KPK: Kpop Kollective is the oldest and only aca-fansite for modern Korean popular music (K-pop). Established in 2010, it has developed into a community of practice and a thematic research collection centered on K-pop. Kpop Kollective promotes the public’s understanding of contemporary Korean popular culture, creates resources and provides analysis and context on K-pop from a global perspective.
4MEN is a Korean male vocal group known for its R&B-inflected songs, along with other K-pop groups that debuted in the late 1990s, including Fly to the Sky, g.o.d and Shinhwa. The group began with four members, but its latest releases feature only two members. Despite personnel changes, the group has produced a rich discography grounded in group harmony. 4MEN positions themselves within K-Soul: “We want our fans to know that Korean singers also understand R&B and soul music well and Korean traditional ballad music and K-Soul of R&B sentiment have been popular in Korea before the start of the K-pop heat” (Nini).
Name: 4MEN, named for the number of original four members of the group
Members: Young Jae, Shin Yong Jae, Kim Won Joo, J1*, Yoon Min Soo*^, Jeong Se Young *^m Kee Jeong Ho*^ (*former member; ^original member)
Debut: February 1, 1998
Label: YWHO Golden Bridge/Sony Music; Happy Face Entertainment (YWHO merges with Happy Face Entetainment in 2011)
Fan name and origin: N/A
Love Tonight • Once While Living • I Love You • 사랑 • I Can’t’ 못해 • Everything • Confession 고백 • Knock Knock Knock • First Kiss
(Click on Playlist Menu to view videos)
First Album (1998) • 집 이렇게 천일동안 모으면 이별이 사라진다고 했다 (2002) • Andante (2006) • 선물 (Digital Single) (2007) • 멜로디 (Digital Single) (2008) • First Kiss (2008) • Voice of Autumn (2009) • Special album – The 3rd Generation (2010) • Baby Baby + 4men (2010) • 4men + E-Tribe – YOU (2010) • 4men + Sorry (2010) • 4men + Individuality (2010) • YWHO 2010 Winter Serenade (2010) • Secret Garden OST (2011) • The Artist (2011)
(Click on slideshow to view tracklists)
OTHER HAPPY FACE ENTERTAINMENT ARTISTS
Nini. “[Inside the Music] VIBE and 4MEN Talk About ‘K-Soul’ and US Tour.” hellokpop. 1 Feb 2015. Evernote..
Original Profile: Kaetrena Davis Kendrick • Revised Profile: Crystal S. Anderson
With the launch of Apple Music, K-pop fans finally got their wish to stream all their favorite artists on one platform… well, almost all of them.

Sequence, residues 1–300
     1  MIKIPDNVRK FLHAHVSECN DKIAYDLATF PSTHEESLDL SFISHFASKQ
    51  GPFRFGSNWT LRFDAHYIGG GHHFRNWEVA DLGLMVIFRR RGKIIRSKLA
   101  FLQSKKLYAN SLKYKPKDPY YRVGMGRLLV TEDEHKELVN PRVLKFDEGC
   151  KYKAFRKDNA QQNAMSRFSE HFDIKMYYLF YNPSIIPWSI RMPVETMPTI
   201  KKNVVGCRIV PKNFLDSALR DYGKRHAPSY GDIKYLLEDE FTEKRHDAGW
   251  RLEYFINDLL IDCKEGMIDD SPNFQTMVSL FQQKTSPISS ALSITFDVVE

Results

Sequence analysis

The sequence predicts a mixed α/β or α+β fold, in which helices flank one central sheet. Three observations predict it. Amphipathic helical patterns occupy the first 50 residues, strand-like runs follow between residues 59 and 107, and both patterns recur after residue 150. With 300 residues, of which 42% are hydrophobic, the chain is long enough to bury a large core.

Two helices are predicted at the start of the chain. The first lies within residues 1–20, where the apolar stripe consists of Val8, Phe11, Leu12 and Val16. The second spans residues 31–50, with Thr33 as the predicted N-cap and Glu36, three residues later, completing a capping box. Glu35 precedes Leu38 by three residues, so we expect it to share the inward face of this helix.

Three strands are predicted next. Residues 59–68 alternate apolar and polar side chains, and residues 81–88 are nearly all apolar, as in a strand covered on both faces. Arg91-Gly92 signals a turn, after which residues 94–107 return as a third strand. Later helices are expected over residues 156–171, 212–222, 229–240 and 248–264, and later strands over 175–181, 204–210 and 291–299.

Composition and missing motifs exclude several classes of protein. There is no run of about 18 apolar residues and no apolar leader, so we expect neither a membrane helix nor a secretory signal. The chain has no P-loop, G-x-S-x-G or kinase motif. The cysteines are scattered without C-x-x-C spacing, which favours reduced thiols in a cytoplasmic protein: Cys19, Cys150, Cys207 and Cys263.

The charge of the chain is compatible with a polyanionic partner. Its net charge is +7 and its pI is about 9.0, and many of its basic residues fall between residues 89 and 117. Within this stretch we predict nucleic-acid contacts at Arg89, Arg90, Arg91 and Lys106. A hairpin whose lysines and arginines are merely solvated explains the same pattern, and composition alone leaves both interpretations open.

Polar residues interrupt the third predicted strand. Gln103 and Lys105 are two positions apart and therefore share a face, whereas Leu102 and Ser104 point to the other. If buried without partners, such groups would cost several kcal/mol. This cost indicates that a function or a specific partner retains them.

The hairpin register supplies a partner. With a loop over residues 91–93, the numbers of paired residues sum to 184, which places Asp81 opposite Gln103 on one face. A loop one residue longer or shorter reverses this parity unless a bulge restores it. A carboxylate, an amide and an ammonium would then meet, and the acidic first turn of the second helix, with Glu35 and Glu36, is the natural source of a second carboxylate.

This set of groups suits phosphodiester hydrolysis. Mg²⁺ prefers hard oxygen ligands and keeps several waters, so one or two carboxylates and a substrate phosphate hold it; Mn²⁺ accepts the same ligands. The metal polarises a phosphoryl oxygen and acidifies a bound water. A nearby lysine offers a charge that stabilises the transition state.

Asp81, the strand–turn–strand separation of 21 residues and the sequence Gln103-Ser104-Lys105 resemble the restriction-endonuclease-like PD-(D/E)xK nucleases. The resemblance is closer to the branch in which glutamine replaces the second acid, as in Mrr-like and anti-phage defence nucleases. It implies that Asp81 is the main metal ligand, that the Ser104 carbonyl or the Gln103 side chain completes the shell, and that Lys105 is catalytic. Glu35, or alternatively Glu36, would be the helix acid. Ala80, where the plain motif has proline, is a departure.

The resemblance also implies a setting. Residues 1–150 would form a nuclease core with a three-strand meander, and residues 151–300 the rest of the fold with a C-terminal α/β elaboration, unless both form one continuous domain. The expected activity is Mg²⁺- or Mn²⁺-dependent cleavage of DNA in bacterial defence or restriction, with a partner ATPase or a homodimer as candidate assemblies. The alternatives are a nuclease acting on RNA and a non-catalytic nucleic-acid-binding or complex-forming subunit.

Sourced through Scoop.it from: www.billboard.com
This story raises questions about music listening habits of K-pop fans, many of whom come to K-pop through the Internet.
Korea JoongAng Daily Choices in K-pop raise serious questions Korea JoongAng Daily “Koreans don’t really raise or see racial issues in K-pop videos [because they are so used to seeing Hollywood-style videos of the same nature], so [it’s…
Sourced through Scoop.it from: koreajoongangdaily.joins.com
This story takes up the issue of representation of other ethnicities in K-pop, which is significant given that K-pop is itself a hybridized musical form directed towards global audiences. At the same time, it suffers from presentism, pointing to very recent music videos to make its point. In doing so, it overlooks older music videos by artists such as Seo Taiji and Boys and Baby VOX, which features other ethnicities in their videos, as well as other visual venues where other ethnicities may be present, such as concerts.
The recent trend of K-pop idols opening up Chinese social media accounts shows the importance of the Chinese market to the success of Hallyu stars.
Sourced through Scoop.it from: www.kpopstarz.com
As K-pop continues to make inroads into China through social media, it will be interesting to see how that works in light of China’s record on media control.
Nearly everything about Nickelodeon’s new show Make It Pop sounds similar to what TV fans have already seen — including the platform (musical-comedy, just in time for Glee’s finale) and the setting (a boarding school a la Zoey 101) — but its main…
Sourced through Scoop.it from: www.billboard.com
Nick Cannon mentions that he used social media to reach out to fans who were critical of the show’s promotion as a K-pop show with little reflection of actual K-pop culture. It is still not clear if the show or its showrunners really understand the global nature of K-pop culture or the importance of Korean culture for global bans.
Way back in 1992, a dropout metalhead by the name of Seo Taiji released the first K-pop song: “Nan Arayo.” It was an ambitious mess of import aisle genres and moods, and it sold millions – making the geeky rebel South Korea’s very own Elvis,…
Sourced through Scoop.it from: www.spin.com
Mainstream music publication talks about various recent K-pop releases, but it is unclear how or why these particular acts were chose. Also, it oddly characterizes Seo Taiji as a "dropout metalhead,’ eliding his hip-hop origins.
Any K-pop fan residing in Mongolia, listen up! Because Crayon Pop, MAMAMOO, and K-Much are coming!Th
Sourced through Scoop.it from: www.allkpop.com
K-pop continues to spread globally, holding concerts in Asia outside of the usual countries like Japan.